For now, yes, this doesn't look so good for baseball, simply because the suspension doesn't come from the drug testing program but from a lengthy, messy investigation of Biogenesis.
"As I have acknowledged in the past, I am not perfect," Braun said in a statement. "I realize now that I have made some mistakes. I am willing to accept the consequences of those actions. This situation has taken a toll on me and my entire family, and it is has been a distraction to my teammates and the Brewers organization. I am very grateful for the support I have received from players, ownership and the fans in Milwaukee and around the country. Finally, I wish to apologize to anyone I may have disappointed – all of the baseball fans especially those in Milwaukee, the great Brewers organization, and my teammates. I am glad to have this matter behind me once and for all, and I cannot wait to get back to the game I love."
But even his teammates are happy Braun got suspended, as should everyone. He lied to everyone, particularly after he won his appeal after a first suspension for performance-enhancing drugs in 2012.
Braun was supposed to be the Brewers' face of the franchise, but now he's turned into Lance Armstrong. This is so much bigger than Melky Cabrera's suspension last season because of that fact.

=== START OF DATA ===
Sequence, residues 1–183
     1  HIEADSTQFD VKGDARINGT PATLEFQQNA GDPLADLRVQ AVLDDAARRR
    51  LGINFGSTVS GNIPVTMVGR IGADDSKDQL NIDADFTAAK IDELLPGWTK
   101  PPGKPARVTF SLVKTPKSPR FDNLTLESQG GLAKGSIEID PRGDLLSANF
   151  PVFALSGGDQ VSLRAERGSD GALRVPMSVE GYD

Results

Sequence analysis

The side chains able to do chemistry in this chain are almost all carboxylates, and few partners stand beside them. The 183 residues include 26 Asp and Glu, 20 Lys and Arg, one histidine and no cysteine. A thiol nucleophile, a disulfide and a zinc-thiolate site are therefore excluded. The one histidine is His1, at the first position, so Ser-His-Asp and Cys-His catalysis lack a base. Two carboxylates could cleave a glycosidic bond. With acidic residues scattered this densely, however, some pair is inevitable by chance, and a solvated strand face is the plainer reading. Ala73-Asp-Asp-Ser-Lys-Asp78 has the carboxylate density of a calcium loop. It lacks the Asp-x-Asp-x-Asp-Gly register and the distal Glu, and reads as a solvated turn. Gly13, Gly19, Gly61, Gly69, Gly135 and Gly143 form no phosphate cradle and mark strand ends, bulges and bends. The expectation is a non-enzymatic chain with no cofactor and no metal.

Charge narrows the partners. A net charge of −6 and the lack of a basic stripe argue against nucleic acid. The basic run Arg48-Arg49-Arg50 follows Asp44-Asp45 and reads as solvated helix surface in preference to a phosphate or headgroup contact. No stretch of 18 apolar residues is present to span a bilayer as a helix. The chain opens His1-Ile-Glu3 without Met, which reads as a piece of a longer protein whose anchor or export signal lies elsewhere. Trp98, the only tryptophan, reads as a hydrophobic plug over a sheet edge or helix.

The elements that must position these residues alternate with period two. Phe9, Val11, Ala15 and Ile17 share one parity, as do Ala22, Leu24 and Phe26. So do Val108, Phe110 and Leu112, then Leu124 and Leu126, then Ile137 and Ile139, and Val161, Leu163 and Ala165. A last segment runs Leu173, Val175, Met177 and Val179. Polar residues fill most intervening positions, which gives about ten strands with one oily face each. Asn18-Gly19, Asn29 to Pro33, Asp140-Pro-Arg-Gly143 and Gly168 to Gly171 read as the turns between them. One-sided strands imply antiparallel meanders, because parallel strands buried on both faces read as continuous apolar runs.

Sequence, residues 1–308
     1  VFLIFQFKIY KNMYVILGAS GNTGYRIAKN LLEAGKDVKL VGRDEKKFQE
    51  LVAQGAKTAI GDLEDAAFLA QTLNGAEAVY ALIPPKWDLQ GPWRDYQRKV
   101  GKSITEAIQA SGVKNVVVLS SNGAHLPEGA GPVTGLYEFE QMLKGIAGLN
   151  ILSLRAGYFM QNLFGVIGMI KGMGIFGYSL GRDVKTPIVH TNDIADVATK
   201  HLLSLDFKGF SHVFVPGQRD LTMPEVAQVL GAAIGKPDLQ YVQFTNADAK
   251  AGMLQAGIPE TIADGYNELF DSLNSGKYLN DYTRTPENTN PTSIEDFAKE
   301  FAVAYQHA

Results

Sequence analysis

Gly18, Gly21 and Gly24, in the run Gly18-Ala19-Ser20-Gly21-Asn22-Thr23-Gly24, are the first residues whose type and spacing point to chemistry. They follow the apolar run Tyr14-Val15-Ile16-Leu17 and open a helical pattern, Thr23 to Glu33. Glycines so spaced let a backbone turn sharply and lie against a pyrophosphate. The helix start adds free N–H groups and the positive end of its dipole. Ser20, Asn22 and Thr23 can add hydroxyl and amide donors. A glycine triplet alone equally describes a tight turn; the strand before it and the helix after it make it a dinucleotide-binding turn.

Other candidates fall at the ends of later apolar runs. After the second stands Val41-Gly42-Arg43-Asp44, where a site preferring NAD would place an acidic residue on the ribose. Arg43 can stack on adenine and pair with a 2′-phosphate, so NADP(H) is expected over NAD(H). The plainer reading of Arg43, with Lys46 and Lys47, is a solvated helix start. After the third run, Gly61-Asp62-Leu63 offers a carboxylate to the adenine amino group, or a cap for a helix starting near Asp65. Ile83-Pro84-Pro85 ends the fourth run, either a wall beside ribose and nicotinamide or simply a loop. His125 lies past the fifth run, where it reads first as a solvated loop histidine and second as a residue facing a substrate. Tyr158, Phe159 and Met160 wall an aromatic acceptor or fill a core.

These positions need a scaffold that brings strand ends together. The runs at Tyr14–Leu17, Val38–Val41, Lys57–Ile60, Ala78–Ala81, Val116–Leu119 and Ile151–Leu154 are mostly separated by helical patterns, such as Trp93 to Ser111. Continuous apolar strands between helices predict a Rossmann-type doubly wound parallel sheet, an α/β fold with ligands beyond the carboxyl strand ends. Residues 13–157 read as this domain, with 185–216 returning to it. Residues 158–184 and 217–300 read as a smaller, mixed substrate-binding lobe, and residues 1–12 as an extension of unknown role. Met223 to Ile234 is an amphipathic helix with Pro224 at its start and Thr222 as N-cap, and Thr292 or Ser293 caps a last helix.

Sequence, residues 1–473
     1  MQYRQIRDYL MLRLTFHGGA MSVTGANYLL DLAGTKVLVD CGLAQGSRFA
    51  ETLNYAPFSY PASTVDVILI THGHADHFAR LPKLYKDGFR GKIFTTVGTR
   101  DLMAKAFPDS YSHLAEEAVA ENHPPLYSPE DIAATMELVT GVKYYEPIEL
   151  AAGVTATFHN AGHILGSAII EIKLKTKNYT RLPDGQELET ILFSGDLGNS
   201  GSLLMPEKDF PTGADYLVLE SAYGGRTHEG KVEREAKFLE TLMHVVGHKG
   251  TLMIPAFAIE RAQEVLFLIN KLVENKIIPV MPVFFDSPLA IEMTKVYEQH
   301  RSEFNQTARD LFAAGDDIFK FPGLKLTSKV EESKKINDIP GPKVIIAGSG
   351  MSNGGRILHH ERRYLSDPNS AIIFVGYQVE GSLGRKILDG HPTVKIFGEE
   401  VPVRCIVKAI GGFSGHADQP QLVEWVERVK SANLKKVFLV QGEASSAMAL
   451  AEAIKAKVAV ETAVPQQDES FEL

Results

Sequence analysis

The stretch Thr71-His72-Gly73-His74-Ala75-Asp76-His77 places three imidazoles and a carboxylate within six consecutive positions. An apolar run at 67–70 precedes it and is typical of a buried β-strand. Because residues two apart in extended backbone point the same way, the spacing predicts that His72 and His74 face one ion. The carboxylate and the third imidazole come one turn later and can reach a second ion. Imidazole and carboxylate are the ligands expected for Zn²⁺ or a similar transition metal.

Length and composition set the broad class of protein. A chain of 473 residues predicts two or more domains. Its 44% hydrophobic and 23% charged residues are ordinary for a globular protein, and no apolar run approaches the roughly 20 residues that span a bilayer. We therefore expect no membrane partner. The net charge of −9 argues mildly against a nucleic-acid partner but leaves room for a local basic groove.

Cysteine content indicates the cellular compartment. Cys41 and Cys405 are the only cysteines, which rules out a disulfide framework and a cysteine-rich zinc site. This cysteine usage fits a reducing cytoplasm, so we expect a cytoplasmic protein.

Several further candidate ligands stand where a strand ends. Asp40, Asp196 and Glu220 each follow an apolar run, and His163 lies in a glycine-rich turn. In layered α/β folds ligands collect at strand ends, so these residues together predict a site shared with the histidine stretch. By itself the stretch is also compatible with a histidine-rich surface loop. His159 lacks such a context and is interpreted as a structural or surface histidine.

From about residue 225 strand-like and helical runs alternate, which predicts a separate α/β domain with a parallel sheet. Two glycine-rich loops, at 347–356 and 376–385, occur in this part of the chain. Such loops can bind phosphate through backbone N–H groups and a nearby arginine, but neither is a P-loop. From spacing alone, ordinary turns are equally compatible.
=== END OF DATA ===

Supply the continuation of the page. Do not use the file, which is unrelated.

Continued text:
Braun's image and reputation are rightly destroyed. It will actually help baseball to have an active, premier face to the steroid problem. He'll be booed in every stadium for the rest of his career for this fact.
They will both serve as a deterrent to other players to use steroids. In this social media-driven world, the shame will spread faster than ever and help clean up the game.
And that's why Braun's suspension is good for baseball.
Alex Rodriguez, Atlanta, Atlanta Braves, Baseball, Milwaukee Brewers, MLB, Ryan Braun, steroids
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